That often translates into finding mentors who themselves took a mid-life leap of faith like Kurth. Lisa Collins is a classic example. For several years, the 32-year-old Chicagoan worked in finance by day, but her nights were all about dogs. She began as a volunteer in the dog adoption room at the Anti-Cruelty Society of Chicago, and quickly advanced to a dog-training apprenticeship and leading classes herself.
Dabbling in training turned serious when she was laid off from her day job about three years ago. “I got the kick in the butt to go and try the dog stuff full-time,” Collins says. Soon after, she launched Collins Canine, which offers a variety of positive-reinforcement behavioral and obedience training geared to average dog owners.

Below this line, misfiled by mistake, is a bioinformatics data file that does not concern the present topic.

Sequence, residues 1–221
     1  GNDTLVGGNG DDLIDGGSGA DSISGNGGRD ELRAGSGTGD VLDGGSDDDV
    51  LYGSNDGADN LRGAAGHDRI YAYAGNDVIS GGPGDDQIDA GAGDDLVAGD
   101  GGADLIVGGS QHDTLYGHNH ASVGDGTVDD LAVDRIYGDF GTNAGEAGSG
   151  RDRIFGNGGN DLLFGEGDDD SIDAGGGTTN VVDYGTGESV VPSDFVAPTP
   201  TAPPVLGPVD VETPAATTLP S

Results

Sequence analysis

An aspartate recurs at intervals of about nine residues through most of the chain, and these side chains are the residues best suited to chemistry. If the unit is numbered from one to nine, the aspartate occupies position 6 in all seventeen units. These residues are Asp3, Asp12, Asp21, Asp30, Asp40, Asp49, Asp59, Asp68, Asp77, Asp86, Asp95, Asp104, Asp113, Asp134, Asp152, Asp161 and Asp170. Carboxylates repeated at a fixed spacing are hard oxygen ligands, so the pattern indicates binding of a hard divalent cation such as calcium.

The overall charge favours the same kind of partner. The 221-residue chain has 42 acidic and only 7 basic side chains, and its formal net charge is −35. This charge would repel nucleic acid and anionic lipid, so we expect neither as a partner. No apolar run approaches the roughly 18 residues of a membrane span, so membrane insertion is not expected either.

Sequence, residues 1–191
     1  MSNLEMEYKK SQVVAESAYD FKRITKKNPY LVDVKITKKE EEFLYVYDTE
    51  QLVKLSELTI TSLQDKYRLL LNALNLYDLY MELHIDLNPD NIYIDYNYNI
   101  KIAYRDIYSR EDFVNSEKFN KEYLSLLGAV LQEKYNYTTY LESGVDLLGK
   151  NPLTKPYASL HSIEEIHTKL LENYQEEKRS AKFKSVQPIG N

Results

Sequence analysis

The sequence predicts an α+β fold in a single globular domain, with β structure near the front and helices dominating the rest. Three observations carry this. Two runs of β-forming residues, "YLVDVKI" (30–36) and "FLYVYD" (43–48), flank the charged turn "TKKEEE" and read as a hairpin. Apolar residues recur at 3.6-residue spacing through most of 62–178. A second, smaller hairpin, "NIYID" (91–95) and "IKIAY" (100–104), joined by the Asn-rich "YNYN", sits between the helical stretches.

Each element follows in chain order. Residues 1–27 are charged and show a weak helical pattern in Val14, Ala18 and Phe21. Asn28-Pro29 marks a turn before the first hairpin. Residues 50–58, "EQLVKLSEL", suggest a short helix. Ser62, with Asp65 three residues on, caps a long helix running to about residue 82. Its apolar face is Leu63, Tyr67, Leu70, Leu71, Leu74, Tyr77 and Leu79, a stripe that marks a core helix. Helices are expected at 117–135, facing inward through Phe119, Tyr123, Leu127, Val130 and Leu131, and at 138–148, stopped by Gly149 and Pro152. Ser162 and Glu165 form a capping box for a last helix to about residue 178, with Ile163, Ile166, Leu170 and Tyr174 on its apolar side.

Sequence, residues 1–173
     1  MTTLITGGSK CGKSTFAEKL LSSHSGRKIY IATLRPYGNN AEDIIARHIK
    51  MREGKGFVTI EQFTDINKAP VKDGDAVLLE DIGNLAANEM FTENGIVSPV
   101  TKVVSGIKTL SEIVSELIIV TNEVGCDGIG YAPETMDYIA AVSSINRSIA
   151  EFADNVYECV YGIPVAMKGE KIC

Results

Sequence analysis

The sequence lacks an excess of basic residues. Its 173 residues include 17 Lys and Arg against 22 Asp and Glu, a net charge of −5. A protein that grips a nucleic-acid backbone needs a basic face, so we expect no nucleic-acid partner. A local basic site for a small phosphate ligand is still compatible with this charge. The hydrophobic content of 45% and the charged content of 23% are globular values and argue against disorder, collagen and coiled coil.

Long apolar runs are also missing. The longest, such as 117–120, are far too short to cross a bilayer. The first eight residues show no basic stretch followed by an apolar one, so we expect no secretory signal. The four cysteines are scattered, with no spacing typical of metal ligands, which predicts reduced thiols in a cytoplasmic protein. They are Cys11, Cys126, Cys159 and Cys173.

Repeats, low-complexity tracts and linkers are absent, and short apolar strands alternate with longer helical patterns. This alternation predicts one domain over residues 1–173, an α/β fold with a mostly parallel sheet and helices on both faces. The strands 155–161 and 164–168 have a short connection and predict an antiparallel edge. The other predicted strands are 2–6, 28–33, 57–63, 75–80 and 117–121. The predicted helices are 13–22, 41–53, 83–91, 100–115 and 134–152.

When Brian Kurth approached her about a mentorship late last year, she knew she had something to offer. “I get about one email a week asking how I became a dog trainer,” Collins says. She signed on with the company because an immersion-holiday seemed like the best way to answer that question.
Vocation Vacations is always adding new canine-centric opportunities. Last October, the company launched an experience with a pet detective, Kat Albrecht of Pet Hunters International based in Fresno, Calif. Albrecht uses many of the tools of traditional law enforcement to find lost pets (including snakes). The two-day mentorship costs $999 (plus airfare, lodging and food), but includes working with specially trained detection dogs, developing leads and interviewing witnesses, participating in mini-stakeouts, and much of the on-the-job training required for certifying Missing Animal Response Technicians.